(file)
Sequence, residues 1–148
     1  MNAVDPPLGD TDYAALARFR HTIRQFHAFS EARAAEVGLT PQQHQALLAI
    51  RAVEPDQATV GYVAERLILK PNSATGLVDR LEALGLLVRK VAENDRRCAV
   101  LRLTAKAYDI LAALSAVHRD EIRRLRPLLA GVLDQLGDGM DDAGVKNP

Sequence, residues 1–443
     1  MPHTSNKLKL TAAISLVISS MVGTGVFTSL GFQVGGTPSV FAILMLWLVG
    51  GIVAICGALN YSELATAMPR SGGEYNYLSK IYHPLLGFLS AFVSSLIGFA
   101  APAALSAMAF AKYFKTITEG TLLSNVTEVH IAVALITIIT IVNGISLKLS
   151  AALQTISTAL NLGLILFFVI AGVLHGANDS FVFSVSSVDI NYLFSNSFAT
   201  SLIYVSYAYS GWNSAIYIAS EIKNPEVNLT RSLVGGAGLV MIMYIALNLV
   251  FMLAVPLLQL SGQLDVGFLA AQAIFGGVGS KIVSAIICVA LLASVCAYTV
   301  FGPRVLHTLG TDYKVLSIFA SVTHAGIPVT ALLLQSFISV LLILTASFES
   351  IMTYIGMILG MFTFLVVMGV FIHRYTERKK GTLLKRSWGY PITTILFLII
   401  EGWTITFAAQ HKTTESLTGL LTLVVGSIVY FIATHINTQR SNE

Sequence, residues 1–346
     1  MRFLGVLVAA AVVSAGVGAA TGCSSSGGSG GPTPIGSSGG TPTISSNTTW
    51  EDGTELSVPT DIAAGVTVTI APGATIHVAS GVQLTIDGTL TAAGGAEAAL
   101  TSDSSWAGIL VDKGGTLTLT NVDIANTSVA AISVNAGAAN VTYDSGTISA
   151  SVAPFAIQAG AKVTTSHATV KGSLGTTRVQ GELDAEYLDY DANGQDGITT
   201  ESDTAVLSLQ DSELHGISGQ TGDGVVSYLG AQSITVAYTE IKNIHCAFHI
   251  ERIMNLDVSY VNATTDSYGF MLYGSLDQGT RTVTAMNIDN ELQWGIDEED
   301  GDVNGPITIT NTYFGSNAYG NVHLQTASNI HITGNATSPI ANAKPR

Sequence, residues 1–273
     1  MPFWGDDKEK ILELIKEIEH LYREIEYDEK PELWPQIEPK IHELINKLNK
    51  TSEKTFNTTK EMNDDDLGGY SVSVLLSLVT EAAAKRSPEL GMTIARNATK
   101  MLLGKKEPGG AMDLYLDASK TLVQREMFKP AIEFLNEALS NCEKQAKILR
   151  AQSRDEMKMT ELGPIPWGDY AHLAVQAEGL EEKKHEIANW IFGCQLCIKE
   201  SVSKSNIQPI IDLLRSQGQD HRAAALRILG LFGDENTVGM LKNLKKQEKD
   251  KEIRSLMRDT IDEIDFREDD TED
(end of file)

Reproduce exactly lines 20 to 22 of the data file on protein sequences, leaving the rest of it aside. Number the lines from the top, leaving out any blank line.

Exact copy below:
   201  ESDTAVLSLQ DSELHGISGQ TGDGVVSYLG AQSITVAYTE IKNIHCAFHI
   251  ERIMNLDVSY VNATTDSYGF MLYGSLDQGT RTVTAMNIDN ELQWGIDEED
   301  GDVNGPITIT NTYFGSNAYG NVHLQTASNI HITGNATSPI ANAKPR